Whole-life jail terms loom for Lee Rigby killers Adebolajo and Adebowale, who will be sentenced next week

Trial judge Mr Justice Sweeney had put sentencing on hold until today’s Court of Appeal decision regarding whole-life terms

Deputy Political Editor

The two men convicted of murdering Lee Rigby will be sentenced next week, after a key ruling was handed down today regarding the use of whole-life jail terms.

Fusilier Lee Rigby’s killers could be locked up until they die after the principle of whole-life jail sentences for murderers was backed by senior judges.

The ruling at the Court of Appeal follows a clash between the Government and the European Court of Human Rights (ECHR) over whether “life should mean life” for the most serious offences.

It clears the way for the sentencing of Michael Adebolajo and Michael Adebowale, who were convicted of the off-duty soldier’s murder. The judge in their trial had put it on hold two months ago pending the ruling on whole-life sentences.

A panel of five judges at the Court of Appeal backed the Government’s argument that whole-life tariffs should apply in the “most heinous cases”.

Seven months ago the ECHR said all convictions should include the possibility of release regardless of the offences that had been committed and suggested all cases be reviewed after 25 years.

However, the British judges yesterday said domestic law was compatible with the Strasbourg-based court as prisoners with life sentences could be freed in exceptional circumstances.

They also increased the 40-year minimum prison term being served by killer Ian McLoughlin, who murdered a man while on day release, to life behind bars without prospect of release.

And they dismissed an appeal by Lee Newell that his whole-life tariff had been “manifestly excessive”. Newell received the maximum sentence after murdering a child killer while in prison for another murder.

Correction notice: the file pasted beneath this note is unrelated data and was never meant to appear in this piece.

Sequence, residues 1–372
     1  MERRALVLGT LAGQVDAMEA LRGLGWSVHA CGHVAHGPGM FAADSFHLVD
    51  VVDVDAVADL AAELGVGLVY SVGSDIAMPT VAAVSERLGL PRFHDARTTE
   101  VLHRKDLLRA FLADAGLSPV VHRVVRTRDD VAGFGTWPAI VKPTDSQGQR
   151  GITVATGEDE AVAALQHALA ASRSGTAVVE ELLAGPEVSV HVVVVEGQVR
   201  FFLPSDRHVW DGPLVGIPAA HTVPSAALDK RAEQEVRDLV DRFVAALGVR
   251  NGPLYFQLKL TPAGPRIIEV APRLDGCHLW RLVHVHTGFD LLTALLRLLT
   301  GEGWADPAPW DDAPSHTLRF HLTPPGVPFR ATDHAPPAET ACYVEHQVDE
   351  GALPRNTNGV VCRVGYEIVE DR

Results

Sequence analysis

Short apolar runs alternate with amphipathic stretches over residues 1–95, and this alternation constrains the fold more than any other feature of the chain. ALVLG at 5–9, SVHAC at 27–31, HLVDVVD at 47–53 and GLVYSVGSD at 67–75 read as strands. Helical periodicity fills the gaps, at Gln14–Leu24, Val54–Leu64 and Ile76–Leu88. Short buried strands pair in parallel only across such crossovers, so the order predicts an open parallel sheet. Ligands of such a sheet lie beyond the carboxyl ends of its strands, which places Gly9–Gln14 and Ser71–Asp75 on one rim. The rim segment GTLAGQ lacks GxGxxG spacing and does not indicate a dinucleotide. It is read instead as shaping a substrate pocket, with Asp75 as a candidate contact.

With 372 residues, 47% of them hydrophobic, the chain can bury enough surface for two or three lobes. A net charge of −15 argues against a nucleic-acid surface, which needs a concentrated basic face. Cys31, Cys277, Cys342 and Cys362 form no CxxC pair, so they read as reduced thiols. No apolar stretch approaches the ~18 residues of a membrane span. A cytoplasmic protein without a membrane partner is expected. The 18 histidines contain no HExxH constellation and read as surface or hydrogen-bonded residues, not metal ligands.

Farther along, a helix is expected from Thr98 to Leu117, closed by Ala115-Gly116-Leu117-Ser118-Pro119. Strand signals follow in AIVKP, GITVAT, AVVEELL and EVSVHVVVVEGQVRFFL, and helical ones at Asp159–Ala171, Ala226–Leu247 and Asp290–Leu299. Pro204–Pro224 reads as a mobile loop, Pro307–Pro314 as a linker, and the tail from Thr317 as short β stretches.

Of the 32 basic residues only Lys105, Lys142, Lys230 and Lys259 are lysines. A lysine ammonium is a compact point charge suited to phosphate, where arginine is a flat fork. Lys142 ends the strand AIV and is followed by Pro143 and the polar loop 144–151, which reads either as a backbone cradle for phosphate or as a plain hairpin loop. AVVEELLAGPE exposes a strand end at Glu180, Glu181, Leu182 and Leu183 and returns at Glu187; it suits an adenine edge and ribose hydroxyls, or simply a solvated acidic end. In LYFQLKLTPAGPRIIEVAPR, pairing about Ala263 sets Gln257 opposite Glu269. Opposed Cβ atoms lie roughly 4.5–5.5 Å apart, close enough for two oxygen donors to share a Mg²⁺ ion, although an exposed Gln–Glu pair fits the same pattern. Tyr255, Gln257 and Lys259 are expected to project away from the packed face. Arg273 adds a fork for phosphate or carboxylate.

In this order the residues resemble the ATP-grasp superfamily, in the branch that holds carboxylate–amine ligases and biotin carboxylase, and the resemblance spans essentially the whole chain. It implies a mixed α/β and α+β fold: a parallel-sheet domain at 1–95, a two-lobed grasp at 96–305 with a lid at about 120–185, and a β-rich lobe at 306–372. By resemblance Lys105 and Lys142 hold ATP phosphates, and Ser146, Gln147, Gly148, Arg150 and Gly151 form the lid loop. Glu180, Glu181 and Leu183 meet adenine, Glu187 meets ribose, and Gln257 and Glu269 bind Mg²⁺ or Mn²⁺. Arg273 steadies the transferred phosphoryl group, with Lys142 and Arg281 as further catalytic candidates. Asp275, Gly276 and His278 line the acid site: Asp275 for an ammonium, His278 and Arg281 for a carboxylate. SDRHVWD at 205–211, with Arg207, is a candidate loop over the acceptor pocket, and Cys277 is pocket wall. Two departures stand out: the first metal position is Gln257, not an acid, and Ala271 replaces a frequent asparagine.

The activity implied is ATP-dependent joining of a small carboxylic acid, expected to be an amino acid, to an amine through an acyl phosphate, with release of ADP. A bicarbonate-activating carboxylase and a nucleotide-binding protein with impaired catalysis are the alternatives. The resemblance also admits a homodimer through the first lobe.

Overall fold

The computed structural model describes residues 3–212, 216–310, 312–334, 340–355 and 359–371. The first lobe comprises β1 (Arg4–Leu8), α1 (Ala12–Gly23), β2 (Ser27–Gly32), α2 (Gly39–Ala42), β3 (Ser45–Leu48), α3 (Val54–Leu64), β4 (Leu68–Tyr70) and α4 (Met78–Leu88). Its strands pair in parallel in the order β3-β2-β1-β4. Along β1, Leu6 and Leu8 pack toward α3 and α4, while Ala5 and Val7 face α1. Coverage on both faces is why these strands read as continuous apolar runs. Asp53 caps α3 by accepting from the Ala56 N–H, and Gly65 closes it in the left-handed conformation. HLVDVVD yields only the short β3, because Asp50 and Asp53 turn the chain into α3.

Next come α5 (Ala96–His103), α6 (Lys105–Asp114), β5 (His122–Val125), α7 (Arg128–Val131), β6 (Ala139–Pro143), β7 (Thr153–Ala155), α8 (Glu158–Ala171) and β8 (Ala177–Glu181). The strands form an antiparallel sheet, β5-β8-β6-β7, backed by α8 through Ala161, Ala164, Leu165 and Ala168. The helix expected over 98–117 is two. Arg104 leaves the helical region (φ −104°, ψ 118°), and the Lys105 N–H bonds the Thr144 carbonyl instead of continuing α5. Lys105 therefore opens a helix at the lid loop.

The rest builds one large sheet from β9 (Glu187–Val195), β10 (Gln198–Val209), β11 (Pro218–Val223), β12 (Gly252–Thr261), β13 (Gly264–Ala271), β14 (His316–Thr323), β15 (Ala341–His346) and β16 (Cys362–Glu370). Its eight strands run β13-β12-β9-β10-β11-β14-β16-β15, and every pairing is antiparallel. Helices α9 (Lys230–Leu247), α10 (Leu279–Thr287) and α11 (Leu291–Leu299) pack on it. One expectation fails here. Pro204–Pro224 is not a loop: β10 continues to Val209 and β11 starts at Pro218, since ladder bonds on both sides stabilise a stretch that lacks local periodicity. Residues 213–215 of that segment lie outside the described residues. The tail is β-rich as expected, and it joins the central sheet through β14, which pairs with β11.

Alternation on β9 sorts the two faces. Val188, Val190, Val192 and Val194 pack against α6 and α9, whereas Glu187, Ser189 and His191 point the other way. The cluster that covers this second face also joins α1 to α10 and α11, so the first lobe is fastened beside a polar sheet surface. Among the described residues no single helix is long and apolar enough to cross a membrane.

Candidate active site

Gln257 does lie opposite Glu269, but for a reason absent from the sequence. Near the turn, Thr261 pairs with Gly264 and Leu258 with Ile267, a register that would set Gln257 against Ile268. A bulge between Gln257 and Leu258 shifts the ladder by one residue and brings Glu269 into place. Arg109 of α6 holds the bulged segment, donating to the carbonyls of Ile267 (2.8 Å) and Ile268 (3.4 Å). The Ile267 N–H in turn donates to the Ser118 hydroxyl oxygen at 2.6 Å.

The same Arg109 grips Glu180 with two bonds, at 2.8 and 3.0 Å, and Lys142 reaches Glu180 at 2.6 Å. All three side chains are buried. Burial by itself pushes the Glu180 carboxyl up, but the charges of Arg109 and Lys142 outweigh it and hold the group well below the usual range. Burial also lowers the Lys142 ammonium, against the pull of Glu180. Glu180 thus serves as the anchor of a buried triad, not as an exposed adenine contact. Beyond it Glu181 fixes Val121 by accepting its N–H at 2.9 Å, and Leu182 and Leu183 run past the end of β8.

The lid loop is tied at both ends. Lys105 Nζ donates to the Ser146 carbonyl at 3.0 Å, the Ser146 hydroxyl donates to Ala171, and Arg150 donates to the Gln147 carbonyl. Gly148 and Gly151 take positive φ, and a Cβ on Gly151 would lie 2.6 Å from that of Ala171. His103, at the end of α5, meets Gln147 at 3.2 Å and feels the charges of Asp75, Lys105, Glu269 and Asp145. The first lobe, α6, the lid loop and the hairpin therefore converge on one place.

Chris Grayling, the Justice Secretary, said: “Our courts should be able to send the most brutal murderers to jail for the rest of their lives.

“I think people in Britain will be glad that our courts have disagreed with the European Court of Human Rights and upheld the law the UK Parliament has passed.”

Lord Chief Justice Lord Thomas, who headed the panel, said the court had held that the ability of judges to pass whole-life orders was “entirely compatible” with the European Convention on Human Rights.

52 English prisoners are currently serving whole-life sentences. The latest to receive the terms are the serial killer Dale Cregan, jailed last year for the murders of four people including policewomen Nicola Hughes and Fiona Bone in Manchester, and Mark Bridger who killed five-year-old April Jones, from Machynlleth, Powys, in 2012.

The issue arose in October when Mr Justice Sweeney jailed McLoughlin for 40 years, telling the Old Bailey he did not have the power to pass a whole life order because he had to take account of a previous ECHR ruling.

But the Court of Appeal said the law allowed him to impose a “life means life” sentence.

The McLoughlin sentence was referred to the court for review by the Attorney General, Dominic Grieve.

The former Home Secretary, David Blunkett, who introduced whole-tariffs said common sense had prevailed and proved judges were “not prepared to simply bow down to the rulings of the Strasbourg court but to seek rational interpretation of them”.

But Shami Chakrabarti, the director of the campaign group Liberty, said: “The judgment shows how Government has been misleading the public about human rights.

“They said the European court was dominating British ones - not true. And they said judges were dominating policy - another big lie.”

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